Failure to pin construction barge’s spuds caused fire fatal to six crew, NTSB says

The failure of Athena Construction to require its crews to pin spuds securely in place on its barges before getting underway was the cause of an Oct. 12, 2006, explosion that killed six, the National Transportation Safety Board has concluded.

At about 1155 on Oct. 12, the towing vessel Miss Megan, operated by Central Boat Rentals Inc. of Morgan City, La., was pushing two barges in the West Cote Blanche Bay oil field in Louisiana. Construction barge Athena 106 was tied to the port side of the unmanned deck barge IBR 234. Miss Megan was secured astern of IBR 234, pushing both barges. The 110-foot-long Athena 106 was owned and operated by Athena Construction, also of Morgan City; the 120-foot IBR 234 was owned by Inland Barge Rentals of Berwick, La. Miss Megan was crewed by a licensed master and a deck hand; Athena 106 was crewed by a foreman, a crane operator and four barge hands.

While the towing vessels and barges were underway, the five-ton aft spud on Athena 106 came loose from its raised position, dropped into the water and struck a submerged, high-pressure natural gas pipeline. The gas ignited and created a fireball, which engulfed the vessels. Miss Megan’s master was killed along with Athena 106’s barge foreman, crane operator and two barge workers. The deck hand of Miss Megan and one barge worker survived. (See PM # 102 Feb./March 2007.)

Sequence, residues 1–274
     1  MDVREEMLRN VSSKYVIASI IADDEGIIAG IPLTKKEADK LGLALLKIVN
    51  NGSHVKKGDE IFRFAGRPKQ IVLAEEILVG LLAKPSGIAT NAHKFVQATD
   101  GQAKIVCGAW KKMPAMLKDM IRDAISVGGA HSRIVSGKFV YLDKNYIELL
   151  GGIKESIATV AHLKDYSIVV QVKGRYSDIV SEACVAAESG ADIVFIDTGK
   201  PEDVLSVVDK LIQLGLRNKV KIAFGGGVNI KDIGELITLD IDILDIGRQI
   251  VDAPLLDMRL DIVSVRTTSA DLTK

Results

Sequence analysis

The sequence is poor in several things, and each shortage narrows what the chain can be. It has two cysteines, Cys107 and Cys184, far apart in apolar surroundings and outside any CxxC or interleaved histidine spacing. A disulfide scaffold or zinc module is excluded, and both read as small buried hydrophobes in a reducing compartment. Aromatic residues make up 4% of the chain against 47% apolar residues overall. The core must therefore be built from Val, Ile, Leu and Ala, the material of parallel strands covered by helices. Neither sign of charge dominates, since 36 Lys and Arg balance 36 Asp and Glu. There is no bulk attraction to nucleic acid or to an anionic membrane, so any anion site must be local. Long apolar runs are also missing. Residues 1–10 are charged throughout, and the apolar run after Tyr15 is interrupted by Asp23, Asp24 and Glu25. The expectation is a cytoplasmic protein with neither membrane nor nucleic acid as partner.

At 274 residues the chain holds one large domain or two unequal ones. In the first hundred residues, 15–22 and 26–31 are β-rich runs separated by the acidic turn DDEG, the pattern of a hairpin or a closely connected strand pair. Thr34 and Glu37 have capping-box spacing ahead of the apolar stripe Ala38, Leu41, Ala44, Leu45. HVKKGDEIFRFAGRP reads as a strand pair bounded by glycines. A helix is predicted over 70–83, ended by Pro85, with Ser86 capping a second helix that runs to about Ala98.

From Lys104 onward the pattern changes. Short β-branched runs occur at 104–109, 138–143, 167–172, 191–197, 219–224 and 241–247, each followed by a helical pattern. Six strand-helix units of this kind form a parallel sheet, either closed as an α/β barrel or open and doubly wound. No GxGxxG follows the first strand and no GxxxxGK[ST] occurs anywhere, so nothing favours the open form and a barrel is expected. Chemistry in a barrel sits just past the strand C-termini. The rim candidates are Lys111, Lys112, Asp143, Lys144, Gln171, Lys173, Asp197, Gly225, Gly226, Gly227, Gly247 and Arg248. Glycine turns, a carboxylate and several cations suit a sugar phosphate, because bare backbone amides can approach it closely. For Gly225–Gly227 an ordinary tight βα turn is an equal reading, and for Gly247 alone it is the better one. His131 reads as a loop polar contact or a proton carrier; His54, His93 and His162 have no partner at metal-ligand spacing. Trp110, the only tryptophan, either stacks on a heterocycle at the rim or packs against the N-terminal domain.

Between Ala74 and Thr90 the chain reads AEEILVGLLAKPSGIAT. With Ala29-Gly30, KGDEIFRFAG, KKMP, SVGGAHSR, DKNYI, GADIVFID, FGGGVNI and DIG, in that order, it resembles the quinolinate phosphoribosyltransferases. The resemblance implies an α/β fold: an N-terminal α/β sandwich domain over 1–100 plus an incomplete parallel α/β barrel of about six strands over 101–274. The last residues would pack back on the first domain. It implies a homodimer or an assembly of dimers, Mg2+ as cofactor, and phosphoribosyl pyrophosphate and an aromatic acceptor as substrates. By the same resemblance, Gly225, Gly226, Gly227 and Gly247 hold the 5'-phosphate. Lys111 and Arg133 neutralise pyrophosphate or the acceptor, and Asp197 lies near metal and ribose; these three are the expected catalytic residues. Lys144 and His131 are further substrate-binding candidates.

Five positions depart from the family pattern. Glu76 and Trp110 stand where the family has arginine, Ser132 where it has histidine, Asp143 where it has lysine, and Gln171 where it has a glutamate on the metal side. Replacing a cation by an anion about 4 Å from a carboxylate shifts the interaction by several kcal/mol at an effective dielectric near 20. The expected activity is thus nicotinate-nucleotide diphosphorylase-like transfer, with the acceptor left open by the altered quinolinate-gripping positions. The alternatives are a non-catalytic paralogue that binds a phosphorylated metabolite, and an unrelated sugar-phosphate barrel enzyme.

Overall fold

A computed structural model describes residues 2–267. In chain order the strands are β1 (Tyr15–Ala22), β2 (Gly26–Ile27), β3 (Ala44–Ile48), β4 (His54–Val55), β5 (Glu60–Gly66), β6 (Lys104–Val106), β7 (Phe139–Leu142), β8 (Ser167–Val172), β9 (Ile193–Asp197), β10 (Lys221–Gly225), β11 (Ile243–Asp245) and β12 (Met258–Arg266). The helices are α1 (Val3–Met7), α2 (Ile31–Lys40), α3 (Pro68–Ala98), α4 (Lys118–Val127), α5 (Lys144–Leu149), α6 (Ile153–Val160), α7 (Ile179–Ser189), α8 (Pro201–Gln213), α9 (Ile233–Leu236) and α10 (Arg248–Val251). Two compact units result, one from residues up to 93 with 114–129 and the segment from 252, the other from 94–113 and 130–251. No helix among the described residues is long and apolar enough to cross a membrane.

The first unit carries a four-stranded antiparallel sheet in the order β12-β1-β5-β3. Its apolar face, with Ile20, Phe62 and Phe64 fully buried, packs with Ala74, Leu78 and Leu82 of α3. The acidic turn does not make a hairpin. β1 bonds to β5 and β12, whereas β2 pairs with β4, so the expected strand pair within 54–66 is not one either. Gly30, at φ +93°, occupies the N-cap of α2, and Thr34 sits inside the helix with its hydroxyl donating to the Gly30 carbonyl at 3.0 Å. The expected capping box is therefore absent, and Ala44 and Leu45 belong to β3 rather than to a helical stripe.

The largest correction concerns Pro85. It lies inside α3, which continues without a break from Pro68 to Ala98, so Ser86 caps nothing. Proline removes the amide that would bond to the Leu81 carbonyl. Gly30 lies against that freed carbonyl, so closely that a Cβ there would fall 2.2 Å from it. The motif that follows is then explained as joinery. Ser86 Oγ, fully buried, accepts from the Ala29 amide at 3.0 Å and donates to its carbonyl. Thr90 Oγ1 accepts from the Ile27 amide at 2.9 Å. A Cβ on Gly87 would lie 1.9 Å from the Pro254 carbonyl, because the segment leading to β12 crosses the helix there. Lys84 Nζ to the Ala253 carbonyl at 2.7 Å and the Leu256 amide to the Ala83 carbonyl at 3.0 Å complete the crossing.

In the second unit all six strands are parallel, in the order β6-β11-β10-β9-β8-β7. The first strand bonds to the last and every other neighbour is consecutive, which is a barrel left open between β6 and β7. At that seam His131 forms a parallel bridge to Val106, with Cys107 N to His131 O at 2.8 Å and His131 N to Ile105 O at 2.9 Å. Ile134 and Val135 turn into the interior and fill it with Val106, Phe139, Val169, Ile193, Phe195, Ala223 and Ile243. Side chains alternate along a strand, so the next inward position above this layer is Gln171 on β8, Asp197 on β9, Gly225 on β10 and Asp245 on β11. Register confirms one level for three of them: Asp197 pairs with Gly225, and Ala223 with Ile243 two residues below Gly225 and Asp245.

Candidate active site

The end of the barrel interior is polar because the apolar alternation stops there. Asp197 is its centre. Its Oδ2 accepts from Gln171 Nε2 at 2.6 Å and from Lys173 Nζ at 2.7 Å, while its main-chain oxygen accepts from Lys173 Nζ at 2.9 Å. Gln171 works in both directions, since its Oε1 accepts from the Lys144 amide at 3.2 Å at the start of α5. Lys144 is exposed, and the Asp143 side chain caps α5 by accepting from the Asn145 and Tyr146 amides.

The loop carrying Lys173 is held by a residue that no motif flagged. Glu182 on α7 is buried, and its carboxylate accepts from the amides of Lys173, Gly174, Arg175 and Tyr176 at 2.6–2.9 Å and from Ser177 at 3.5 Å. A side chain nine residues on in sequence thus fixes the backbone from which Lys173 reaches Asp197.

The NTSB, in a June 14 report, announced that the failure by Athena Construction to require its crews to pin the spuds on its barges allowed the sudden release of Athena 106’s aft spud, which ruptured the pipeline. A contributing factor was the failure of Central Boat Rentals to require, and the master to check, that the barge spuds were securely pinned before getting underway.

When the two spuds on each barge are in the raised position, there are three safety features to prevent the spuds from dropping or slipping, according to the NTSB report.

Both the forward and aft spuds on the barge are controlled through a twin-drum winch.

Each drum controls a single spud, and each drum has a foot-brake pedal and a hand lever to control the speed of the spuds. The foot brake is the first safety feature; the second is a steel pawl that fits into a notched ring on the outside of the drum to keep the drum from turning if the brake fails. Finally, a 36-inch-long steel pin can be inserted directly through the fully raised spud so the spud won’t fall if the winch or cable fails.

On Oct. 12, only the foot brakes were used to hold both spuds in place during transit. Neither the pawl nor the securing pin was used on either spud to make sure they remained locked during transit, according to the report. The NTSB found the winch on Athena 106 had no defects or abnormalities. The spud winch cable was free of damage or fraying, and both spud winch cables had been replaced two months before the incident.

The NTSB report also noted that no regulatory agency inspects the operations of uninspected barges like Athena 106 and that U.S. Coast Guard authority only extends to examining lifesaving and firefighting equipment. There are over 4,000 deck barges in the country, and Coast Guard figures show that 305 people were killed on barge/tow operations between 1997 and 2006, according to the report. The NTSB recommends that new towing vessel inspection regulations being drafted by the Coast Guard include the establishment of safety management systems for all towing companies. The new rules will add oversight for vessels under tow that are not subject to inspection.

To view the NTSB report online, go to:

By Professional Mariner Staff